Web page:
Interview with Jesse Jackson
QUESTION 31
HENRY HAMPTON:

We began this series with the death of Emmett Till, which was my personal memory of the beginning of the movement and we carried it through Selma, Birmingham, Albany, up into Chicago and the great runs of the late '60s, the tragedy of the death. What do you think it's all meant? What do you think it's done to the people who have made that move, African Americans? REV.

JESSE JACKSON:

We've come full circle from coming here as slaves descendants of African people to the point that an African American is now a number three Democrat in the House of Representatives. An African American now heads the Democratic party. We now have 305 urban mayors who are African American. We are the centerpiece of progressive, coalition politics, the workers and women and youth and peace activists in this country. We are now the central focus in American politics to free South Africa, for peace in the Middle East, for peace in Central America, to end the arms race. So, we are bigger than, than our race or as a moral force. So, we do not really represent left wing or right wing. We represent the moral center and that's a coveted position. That's why we must resist the drugs and the killing and the fratricide and the immoral and decadent behavior because what we have is really what the world wants. It does not really want more weapons, ah, and more, ah, materials that have no function. What we have is enviable moral authority and when we speak, people all over the world listen, even when we don't have office. We have the position. And I would say to young America, Malcolm had moral authority and Medgar Evers had moral authority and, ah, Martin Luther King had moral authority. Rosa Parks had moral authority, that is that one authority, we may or may not get our place in the military hierarchy, in the economic hierarchy, in the political hierarchy. We should fight to get our share and help fashion it in humane ways. The one thing that we have that must never lose and that's moral authority as we fight for the moral center. After all hope and love and sharing and family and peace and justice are all moral center concepts. We must hold on to them with an obsession, with a sense of joy and a sense of responsibility.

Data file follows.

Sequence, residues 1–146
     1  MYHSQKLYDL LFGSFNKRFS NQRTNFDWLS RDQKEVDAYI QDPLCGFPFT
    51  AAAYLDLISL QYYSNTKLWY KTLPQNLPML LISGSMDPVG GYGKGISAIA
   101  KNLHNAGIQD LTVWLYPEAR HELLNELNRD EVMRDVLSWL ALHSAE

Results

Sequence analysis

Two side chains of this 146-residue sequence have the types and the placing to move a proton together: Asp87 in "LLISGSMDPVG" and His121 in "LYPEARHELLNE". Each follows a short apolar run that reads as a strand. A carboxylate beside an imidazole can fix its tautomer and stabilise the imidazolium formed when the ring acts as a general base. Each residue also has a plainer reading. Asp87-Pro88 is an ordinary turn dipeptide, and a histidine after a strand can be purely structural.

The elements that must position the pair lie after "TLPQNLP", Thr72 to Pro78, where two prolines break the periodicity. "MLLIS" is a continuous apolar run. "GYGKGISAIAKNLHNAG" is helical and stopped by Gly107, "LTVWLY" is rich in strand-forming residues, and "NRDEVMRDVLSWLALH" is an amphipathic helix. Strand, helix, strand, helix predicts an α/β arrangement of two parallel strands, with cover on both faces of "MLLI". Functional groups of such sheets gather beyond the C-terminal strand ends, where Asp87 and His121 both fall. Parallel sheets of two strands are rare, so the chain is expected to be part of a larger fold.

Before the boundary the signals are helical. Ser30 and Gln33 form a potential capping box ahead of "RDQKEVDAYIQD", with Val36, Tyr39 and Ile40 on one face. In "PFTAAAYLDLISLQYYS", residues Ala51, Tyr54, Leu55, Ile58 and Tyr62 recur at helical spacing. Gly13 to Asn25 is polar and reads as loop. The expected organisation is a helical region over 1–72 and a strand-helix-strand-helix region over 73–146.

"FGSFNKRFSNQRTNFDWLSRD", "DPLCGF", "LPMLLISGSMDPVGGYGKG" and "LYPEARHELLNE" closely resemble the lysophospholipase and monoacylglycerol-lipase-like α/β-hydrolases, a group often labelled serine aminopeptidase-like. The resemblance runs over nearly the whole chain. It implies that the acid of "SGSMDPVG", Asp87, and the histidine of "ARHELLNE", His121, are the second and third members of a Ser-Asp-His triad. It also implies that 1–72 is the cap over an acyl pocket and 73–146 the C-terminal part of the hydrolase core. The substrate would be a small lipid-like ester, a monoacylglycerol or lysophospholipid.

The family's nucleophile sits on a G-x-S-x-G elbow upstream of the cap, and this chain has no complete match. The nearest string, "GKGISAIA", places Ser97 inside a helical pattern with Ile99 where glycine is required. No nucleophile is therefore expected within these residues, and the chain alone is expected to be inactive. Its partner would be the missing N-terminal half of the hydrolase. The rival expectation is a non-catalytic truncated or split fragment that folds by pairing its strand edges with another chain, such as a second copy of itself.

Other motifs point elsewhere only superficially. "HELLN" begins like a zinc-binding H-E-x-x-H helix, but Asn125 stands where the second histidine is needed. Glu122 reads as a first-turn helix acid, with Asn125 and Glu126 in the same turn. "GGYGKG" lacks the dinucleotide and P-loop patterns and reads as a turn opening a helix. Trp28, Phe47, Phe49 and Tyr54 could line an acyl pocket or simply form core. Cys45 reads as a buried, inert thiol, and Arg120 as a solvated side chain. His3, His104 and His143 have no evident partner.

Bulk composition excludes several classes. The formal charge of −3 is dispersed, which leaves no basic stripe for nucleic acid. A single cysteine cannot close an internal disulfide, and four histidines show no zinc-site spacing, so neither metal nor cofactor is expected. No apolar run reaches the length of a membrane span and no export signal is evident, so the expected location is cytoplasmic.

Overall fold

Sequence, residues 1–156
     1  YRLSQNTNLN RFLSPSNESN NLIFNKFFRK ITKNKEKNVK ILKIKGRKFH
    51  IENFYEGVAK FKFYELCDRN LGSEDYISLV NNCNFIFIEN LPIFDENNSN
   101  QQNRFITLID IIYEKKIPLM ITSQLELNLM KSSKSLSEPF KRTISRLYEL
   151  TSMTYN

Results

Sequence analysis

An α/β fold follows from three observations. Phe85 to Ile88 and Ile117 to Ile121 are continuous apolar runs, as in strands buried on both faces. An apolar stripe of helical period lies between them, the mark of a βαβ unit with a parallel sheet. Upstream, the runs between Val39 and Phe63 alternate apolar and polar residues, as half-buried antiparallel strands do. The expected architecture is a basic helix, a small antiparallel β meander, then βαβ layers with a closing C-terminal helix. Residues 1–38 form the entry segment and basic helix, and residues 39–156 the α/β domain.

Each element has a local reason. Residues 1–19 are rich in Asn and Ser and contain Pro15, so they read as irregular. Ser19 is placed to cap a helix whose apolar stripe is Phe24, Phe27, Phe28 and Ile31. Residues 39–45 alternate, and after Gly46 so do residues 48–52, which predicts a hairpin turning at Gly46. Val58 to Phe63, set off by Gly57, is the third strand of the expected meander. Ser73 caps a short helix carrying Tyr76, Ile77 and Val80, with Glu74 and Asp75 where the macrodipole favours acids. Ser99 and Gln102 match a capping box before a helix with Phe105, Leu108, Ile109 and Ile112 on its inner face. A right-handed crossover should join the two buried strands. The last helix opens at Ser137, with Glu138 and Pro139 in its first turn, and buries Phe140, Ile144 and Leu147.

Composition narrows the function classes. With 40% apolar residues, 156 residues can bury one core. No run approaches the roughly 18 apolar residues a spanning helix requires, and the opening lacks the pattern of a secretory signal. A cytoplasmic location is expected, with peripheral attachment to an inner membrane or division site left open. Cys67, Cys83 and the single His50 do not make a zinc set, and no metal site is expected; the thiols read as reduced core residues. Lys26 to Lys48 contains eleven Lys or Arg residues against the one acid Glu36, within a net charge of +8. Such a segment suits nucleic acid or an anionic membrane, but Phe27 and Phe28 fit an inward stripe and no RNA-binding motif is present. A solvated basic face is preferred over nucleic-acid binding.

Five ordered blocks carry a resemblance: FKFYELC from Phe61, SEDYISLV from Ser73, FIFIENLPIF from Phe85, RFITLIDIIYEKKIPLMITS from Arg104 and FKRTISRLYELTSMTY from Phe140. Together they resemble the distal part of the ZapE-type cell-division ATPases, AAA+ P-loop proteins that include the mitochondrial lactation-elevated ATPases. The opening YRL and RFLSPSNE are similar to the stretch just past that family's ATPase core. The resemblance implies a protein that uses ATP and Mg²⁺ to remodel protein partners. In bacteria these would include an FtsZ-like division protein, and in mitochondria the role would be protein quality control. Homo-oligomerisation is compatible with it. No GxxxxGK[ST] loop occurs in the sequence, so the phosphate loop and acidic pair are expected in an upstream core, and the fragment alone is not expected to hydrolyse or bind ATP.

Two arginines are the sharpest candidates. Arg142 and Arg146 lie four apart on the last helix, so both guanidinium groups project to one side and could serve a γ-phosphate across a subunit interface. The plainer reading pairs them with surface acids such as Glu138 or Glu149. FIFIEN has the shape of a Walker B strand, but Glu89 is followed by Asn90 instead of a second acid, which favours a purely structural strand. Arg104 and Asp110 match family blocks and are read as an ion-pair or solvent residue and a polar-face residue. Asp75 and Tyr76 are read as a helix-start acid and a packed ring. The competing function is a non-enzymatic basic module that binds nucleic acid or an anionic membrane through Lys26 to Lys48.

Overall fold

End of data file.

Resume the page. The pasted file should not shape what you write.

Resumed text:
HENRY HAMPTON:

What has this movement done to the--